Published in The Mobile Register - Moblie, Alabama
By CHARLES CROFT
CAMP HILL, AL -- Like a unit of the armed services, Lyman Ward Military Academy pursues a mission.
"Our main focus is college preparation," said Mike Burke, academic dean of the boys boarding school in this small Tallapoosa County town about 250 miles northeast of Mobile.
He said the school's selling point is that it offers a "structured environment" with small classes, experienced teachers and supervised study periods. "We try to create an environment that creates good habits. We use the military structure to create an environment to study."
All of Lyman Ward's 2003 graduates were accepted into colleges or universities, Burke said, adding that he expects this year's graduating class will duplicate that achievement.
Andrew Loflin of Andalusia agreed with Burke's assertions.
For Loflin, 18, who will graduate in May after four years at Lyman Ward, it was not a case of love at first sight.
"After the first week, I didn't want to be here, but other cadets, teachers and family members told me to stick it out, and it would get better. It did."
Loflin's record indicates it got much better. He has served as captain of the school's football team and captain of its color guard, has participated in wrestling and soccer, is a member of the Beta Club and Scholars Bowl team.
"In May, when I look back on it, I'll say, 'I made it. I lasted four years in a military school, and it just made me better in the long run,'" he said.
Indeed, the school's military culture seems to hold some allure for him now. While he is unsure of his plans for college, Loflin said, he is considering The Citadel, the military school in Charleston, S.C.
Loflin said what he would miss was the camaraderie. "It's like having 150 brothers. There's sharing between people who work together and live together as a team 24-7."
Bradley Chisenhall of Foley, a junior in his second year, also found the beginning tough but says it was worth sticking it out.
Chisenhall, 17, said he was experiencing disciplinary problems while attending school in Foley, so his parents decided to send him to Lyman Ward.
"It helped me a lot," he said. His grade point average at Lyman Ward is 3.6, compared with 1.5 at Foley, and he plays football and basketball. And he has had no disciplinary problems.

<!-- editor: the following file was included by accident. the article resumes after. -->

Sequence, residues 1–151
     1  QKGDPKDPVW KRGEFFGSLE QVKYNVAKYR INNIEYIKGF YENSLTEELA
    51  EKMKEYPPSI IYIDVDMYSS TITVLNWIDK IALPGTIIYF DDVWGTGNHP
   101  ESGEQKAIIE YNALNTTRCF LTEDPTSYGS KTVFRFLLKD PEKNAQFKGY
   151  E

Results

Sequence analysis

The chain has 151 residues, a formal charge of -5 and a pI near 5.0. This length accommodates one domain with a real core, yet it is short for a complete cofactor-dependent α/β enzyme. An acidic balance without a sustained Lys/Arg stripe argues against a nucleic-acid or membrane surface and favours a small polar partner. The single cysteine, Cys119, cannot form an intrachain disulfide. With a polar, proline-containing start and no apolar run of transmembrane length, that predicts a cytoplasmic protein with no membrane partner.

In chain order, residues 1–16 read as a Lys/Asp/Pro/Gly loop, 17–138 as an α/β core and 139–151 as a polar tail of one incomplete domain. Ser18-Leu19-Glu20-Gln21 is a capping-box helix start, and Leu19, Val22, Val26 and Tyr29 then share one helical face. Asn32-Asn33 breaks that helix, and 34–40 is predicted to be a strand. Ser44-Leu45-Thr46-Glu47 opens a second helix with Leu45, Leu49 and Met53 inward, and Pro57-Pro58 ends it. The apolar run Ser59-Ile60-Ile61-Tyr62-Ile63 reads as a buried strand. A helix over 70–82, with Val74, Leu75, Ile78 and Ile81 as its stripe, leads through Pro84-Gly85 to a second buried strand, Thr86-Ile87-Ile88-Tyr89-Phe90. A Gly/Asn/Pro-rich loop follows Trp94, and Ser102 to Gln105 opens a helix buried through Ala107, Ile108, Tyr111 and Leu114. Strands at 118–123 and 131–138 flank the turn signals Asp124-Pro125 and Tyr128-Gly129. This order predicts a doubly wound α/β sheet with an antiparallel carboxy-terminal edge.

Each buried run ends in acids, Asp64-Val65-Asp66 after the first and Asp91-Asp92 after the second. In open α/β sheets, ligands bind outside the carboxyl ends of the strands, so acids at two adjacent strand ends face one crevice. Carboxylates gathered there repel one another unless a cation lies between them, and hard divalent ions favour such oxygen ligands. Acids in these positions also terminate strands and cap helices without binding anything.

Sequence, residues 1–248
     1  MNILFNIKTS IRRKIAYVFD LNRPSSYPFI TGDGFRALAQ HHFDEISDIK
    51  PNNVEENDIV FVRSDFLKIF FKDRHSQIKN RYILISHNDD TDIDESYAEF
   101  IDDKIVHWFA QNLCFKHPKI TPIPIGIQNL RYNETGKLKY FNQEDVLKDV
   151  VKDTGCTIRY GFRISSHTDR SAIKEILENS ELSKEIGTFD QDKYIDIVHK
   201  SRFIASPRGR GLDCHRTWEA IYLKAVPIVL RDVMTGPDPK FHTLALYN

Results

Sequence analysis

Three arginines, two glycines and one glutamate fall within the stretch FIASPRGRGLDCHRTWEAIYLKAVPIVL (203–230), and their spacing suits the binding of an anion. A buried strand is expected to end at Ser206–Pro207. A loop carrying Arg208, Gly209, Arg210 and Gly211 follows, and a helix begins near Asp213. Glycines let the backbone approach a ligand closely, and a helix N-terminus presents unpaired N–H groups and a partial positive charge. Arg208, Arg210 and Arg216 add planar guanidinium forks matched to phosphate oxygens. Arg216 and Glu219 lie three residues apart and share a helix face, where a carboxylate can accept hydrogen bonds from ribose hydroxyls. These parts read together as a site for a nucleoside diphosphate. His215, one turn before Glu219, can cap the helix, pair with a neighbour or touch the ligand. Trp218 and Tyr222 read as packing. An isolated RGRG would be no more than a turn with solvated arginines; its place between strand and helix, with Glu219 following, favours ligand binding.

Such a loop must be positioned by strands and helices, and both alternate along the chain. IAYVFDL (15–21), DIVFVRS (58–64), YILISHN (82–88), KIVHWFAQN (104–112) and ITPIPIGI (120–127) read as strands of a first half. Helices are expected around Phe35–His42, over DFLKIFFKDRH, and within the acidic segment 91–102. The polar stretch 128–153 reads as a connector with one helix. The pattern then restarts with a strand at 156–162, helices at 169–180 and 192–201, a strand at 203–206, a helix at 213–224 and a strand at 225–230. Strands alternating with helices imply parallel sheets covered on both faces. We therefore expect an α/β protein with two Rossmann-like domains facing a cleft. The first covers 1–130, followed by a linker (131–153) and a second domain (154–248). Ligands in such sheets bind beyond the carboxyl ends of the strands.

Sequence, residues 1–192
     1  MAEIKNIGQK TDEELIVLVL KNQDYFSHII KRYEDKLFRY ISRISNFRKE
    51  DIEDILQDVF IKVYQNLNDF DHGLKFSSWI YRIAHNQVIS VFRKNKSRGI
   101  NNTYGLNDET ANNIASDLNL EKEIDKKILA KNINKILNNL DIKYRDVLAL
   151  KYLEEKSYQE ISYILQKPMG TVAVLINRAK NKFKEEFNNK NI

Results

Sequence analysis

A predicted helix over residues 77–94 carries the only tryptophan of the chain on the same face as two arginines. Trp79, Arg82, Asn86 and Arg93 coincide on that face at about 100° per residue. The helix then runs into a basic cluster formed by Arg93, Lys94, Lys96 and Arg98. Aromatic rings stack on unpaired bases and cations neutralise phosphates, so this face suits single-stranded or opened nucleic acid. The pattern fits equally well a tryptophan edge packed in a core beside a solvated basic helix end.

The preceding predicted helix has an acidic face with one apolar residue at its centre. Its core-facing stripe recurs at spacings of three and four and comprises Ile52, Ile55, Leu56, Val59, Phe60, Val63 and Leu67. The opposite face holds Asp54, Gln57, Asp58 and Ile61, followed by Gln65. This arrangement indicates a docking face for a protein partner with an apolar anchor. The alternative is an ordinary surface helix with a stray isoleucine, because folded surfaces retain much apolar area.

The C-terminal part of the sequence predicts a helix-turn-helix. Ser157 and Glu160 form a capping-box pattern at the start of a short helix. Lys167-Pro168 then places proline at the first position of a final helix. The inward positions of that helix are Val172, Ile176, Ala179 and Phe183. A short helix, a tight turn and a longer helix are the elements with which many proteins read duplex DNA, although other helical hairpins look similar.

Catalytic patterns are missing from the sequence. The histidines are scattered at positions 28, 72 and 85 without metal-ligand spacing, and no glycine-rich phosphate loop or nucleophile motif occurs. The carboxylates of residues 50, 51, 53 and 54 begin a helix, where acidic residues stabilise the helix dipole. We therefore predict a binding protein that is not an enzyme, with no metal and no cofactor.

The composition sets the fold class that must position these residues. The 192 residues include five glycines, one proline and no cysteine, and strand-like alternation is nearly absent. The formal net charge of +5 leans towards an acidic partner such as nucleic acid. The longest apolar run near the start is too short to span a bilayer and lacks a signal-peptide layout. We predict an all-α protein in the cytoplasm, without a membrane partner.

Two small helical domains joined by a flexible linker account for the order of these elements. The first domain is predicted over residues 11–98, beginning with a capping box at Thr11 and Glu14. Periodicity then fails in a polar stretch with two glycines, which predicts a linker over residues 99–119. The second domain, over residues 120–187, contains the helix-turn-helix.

But it wasn't easy at the start.
"The first week, I wanted to leave. I wrote my mom and told her I hated it."
But after a while, "everything was good. I made some friends here," he said.
"They're real happy," he said of his parents. "They're proud of me."
Chisenhall said he hopes to attend the University of South Alabama and study journalism. He said he's not sure if he will go into the military, but if he does, he probably will choose the Marine Corps.
Burke's description of the first few weeks of Lyman Ward make Loflin and Chisenhall's initial reactions understandable. He said the first 3 weeks for new cadets is a "training program," during which they learn how to wear the uniform and maintain their room in the prescribed manner, learn to march and study the school's history. Their instructors are experienced cadets.
And, if they don't learn in the 3 weeks, the training continues until they do, said Burke.
Even after the initial training, the military approach continues. Instructors, who are retired military men, check the dormitories each day, while cadets are in class, to make sure things are in order. And each Saturday morning, cadets undergo full inspections of their quarters and uniforms.
Current enrollment is 155 boys, which, Burke said, is average for the school of grades 6-12. The cadets come from 25 to 30 states, but the bulk are from Alabama, Georgia and a strip of the Gulf Coast between Fort Walton Beach, Fla., and Gulfport.